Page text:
But difficulties soon arrive. Commitment issues emerge. Issues with depression and happiness surface. Problems with sex crash the party. The person you once pined over and were thrilled about and with whom all your interactions felt so easy and graceful has turned into a difficult, staunch, adversary who has suddenly become many things that you do not want to deal with because dealing with them means a step into extreme discomfort, hours of talking and attempting to see the world through someone else’s perception.
Eventually you start wishing that things were easier, because “relationships shouldn’t be this difficult” (naive), and you start noticing attractive potential-if-you-were-single mates walking past you on the sidewalk, for example, and one day you realize, uncomfortably, that when you commit to a person in a relationship, you commit to their problems, and that it is not feasible to think of one’s problems as simple equations, as ‘obstacles’ that can be concretely overcome. Your partner’s so-called ‘issues’ are so closely connected to your partner’s personality that they’re actually informing it – both the ‘good’ and ‘bad’ parts. That sometimes the same ‘issues’ that make you insane also fuel positive aspects of your partner’s personality. And so ‘solving’ a problem in effect turns into trying to ‘change’ a person. Which, as it is well-known, can be an extremely difficult and contested issue to navigate.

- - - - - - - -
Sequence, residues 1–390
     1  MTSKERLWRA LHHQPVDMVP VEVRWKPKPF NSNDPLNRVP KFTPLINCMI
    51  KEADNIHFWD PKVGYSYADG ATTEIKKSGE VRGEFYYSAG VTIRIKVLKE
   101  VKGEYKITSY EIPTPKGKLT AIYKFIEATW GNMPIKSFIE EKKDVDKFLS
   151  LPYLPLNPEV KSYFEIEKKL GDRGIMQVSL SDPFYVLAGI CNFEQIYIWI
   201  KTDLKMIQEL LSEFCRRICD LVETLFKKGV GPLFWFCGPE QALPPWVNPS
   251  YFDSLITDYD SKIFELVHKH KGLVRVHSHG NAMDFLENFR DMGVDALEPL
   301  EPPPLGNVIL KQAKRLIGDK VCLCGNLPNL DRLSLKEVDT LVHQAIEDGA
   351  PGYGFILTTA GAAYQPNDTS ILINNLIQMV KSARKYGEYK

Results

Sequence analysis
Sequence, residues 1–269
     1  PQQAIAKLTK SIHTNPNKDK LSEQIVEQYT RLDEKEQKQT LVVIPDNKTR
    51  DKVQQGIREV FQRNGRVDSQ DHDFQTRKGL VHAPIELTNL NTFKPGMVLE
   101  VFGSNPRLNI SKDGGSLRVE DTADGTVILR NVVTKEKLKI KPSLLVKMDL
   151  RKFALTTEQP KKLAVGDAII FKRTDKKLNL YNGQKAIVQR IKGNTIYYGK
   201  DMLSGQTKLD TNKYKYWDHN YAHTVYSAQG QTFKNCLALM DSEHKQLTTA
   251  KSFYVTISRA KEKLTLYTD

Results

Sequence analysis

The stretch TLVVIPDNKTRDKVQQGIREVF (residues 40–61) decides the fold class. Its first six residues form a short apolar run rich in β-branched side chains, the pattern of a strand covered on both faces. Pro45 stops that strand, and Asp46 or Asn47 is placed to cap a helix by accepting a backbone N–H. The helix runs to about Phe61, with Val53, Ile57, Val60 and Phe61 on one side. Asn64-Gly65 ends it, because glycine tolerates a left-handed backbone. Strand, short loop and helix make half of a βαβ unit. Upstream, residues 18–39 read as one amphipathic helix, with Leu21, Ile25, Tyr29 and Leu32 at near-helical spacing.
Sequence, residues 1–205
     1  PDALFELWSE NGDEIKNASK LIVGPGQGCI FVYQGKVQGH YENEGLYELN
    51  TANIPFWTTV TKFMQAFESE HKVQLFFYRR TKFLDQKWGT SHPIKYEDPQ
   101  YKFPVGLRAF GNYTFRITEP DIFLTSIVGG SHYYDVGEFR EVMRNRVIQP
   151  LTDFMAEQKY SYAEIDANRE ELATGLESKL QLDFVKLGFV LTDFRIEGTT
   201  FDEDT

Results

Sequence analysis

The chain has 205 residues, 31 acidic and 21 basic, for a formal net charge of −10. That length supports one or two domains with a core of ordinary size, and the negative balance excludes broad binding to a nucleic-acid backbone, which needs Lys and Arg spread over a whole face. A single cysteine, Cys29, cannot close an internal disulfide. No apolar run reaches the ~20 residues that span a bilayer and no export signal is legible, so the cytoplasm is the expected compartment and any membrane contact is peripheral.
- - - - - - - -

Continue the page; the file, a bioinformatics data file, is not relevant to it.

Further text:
Your Life: (One of) the Final Decision(s)
At this juncture you have a decision to make. You must either accept or reject the person and his or her ‘issues’/personality. Accept it and commit to slowly working through and/or getting used to a person on a deep level – for ‘forever’ (because it would be unrealistic to commit to accepting someone for, for example, two years), and commit to the ‘unexitedness’ of monogamy (i.e. the goal of making yourself believe that you don’t want that kind of excitement anymore) – or reject it and spend nights alone, looking through dating websites, sometimes having awkward one-night stands, and simply waiting, bleakly, for the next long-term monogamous relationship to fall into your lap.